More money out than money in

With a bench full of members from the Keizer City Council and city staff, the Long Range Budget Task Force met on Feb. 12, in the Keizer Council Chambers to discuss how the city will manage its budget in the upcoming year(s) and what to expect. 

Several written comments from former city councilors Marlene Parsons and Amy Ryan Courser were noted as well as Dick Withnell.

Write-in comments both supported and lambasted the initiation of police and parks service fees as well as calling for maintaining lowered property taxes. 

No in-person comments were made. 

Assistant City Manager Tim Wood described the meeting’s purpose as a chance to provide a better look into the city’s finances in anticipation of the upcoming budget process and to provide a general overview of the city and its operating and funding trends. 

A video of the meeting can be found at along with a copy of the task force’s agenda. 

The Feb. 12 meeting was the first of two meetings to discuss the city’s finances, with the next meeting covering the city’s water services as well as how American Rescue Plan Act (ARPA) funds were spent. 

The city’s budget is broken down into its governmental activities such as the city administration, police and park programs, fees and associated revenues and costs as well as the city’s business activities which involve businesses owned by the city, such as the Event Center, or other businesses in the city.

Population-wise, Keizer has grown by .65% each year (between 5 and 873 people) over the last 10 years. 

This limited population growth has affected the amount of property taxes and franchise fees collected as well as how the city allocates intergovernmental funds, according to task force documents. 

City Manager Adam Brown noted that the population estimates given (39,169) may not be accurate due to recent residential building that has occurred.

As of now, Keizer is the 15th largest city in Oregon.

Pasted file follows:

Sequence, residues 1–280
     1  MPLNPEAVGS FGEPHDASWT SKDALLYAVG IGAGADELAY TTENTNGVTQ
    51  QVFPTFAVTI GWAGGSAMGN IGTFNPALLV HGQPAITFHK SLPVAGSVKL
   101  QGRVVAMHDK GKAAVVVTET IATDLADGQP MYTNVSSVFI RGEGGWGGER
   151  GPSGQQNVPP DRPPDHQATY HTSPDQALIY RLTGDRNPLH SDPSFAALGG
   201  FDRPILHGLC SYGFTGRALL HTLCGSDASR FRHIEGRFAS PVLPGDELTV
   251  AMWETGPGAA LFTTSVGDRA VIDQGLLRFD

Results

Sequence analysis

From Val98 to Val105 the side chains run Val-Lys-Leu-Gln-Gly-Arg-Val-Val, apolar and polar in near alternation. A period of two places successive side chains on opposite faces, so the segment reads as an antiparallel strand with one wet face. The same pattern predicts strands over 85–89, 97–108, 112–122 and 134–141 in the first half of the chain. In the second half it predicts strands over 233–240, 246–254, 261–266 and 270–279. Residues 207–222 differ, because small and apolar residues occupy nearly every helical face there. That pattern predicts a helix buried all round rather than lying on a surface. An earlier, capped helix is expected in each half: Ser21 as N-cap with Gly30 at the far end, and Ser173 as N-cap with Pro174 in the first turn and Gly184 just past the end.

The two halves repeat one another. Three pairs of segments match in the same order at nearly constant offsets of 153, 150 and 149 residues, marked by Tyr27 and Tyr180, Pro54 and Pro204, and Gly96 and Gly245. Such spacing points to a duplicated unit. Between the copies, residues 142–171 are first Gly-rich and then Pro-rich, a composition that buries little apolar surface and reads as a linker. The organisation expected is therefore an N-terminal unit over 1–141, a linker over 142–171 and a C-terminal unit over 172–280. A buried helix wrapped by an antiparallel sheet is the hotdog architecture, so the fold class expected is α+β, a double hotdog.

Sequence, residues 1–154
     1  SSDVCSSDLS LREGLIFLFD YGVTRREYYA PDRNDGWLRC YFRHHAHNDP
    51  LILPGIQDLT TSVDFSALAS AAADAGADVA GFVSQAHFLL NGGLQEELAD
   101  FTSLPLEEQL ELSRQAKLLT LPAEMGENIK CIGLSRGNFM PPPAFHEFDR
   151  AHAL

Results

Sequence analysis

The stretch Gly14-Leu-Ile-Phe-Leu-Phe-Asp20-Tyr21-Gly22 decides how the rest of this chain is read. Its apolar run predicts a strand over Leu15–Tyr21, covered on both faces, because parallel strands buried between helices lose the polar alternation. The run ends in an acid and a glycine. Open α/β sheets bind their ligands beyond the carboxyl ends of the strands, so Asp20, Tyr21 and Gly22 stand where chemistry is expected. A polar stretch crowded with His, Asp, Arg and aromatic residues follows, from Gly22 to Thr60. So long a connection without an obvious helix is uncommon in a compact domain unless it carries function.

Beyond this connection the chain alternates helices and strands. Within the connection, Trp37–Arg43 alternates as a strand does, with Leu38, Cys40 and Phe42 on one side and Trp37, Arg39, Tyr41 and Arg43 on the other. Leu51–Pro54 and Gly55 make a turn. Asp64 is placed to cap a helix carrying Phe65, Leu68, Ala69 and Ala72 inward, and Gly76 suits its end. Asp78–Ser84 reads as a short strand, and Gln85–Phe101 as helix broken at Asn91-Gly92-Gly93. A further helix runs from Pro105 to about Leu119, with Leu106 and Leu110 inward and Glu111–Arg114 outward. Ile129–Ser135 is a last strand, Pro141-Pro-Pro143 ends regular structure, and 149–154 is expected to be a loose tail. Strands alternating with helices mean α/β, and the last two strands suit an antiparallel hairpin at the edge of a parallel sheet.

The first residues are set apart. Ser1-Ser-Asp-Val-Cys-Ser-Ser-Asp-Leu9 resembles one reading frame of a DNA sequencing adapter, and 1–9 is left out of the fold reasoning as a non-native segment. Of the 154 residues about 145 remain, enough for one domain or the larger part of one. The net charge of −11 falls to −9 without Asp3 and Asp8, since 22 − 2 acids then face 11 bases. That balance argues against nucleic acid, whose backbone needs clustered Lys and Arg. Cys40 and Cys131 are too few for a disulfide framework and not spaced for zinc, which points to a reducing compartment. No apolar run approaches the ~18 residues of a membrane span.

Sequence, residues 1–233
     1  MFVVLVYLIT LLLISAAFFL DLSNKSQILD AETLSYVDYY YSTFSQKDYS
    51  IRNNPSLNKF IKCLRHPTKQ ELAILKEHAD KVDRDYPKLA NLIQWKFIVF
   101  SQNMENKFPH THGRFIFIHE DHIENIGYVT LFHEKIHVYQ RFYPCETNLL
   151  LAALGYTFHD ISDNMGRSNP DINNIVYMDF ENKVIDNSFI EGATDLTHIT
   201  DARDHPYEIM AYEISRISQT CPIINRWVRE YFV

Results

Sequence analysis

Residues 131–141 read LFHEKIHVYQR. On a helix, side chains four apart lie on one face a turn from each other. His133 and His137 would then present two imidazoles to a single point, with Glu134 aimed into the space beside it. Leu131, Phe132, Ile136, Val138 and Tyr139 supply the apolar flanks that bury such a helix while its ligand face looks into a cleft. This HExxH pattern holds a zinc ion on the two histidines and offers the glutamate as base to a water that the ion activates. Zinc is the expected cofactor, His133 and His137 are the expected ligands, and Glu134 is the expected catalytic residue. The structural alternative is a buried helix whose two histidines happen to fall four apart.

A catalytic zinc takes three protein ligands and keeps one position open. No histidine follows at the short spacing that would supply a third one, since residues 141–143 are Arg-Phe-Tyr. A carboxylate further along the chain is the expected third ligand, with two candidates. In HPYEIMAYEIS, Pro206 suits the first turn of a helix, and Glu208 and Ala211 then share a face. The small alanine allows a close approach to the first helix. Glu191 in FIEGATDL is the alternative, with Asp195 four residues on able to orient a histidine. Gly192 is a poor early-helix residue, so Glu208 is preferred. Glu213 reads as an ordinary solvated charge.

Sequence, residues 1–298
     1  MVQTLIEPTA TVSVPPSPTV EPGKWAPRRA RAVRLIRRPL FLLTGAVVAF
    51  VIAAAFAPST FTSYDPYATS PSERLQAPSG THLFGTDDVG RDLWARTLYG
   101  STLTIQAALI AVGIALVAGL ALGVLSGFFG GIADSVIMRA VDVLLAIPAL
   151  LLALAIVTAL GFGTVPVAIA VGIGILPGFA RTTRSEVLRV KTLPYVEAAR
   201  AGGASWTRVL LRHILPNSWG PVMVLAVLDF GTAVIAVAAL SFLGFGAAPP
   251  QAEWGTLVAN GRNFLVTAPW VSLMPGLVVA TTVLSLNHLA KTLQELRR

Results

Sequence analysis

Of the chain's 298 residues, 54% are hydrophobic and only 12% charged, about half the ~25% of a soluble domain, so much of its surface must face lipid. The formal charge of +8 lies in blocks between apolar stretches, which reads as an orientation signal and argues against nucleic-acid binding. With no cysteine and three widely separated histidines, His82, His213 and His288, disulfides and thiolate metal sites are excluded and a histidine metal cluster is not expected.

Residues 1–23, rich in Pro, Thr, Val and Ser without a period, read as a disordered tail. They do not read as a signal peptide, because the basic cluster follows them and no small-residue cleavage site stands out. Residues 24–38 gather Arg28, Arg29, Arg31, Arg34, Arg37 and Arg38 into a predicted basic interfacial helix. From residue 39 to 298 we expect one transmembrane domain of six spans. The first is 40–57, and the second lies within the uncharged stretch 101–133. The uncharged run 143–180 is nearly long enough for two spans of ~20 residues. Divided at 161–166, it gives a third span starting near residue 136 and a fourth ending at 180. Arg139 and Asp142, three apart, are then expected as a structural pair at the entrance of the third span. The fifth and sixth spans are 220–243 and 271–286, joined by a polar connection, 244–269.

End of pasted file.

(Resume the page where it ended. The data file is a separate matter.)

In terms of expenses, Keizer is comparable to other Oregon cities with a majority of costs coming from both materials and services the city needs (36%) as well as personnel services (43%) such as employee payrolls. 

Funding-wise, the city has a variety of sources including enterprise funds (34%), contingency funding (22%), the general fund (20%) as well as internal services funds (9%) and debt services fund (3%). 

For city staff, the average work experience of those hired has grown by .7 years, going from 10.9 years to 11.6 years of previous experience. 

Cost of living reviews of salaries and wages were discussed and noted to occur every year to ensure fair comparison to other cities. 

The 2023 adjustment for Keizer was 4.3%, with union entity’s, Keizer Police Association and those represented by the Local 737 organization, receiving adjustments of 5% and 3.5% increases while unrepresented employees received a 3% COLA increase. 

Keizer participates in the Public Employee Retirement System (PERS) in lieu of contributing to Social security, of which city employees are informed. 

PERS contributions are calculated as a percentage of an employee’s gross compensation.

Advisory contribution rates, which will become effective July 2025, are 35.7%, 30.46% and 25.87% for Tiers one and two, Police and Fire departments and general city staff, respectively. 

These rates do not affect the accounting issue regarding PERS and underpayments to the system from the city for employees going back more than 30 years, according to Brown. 

In regards to health insurance, the city of Keizer provides it to all permanent status employees.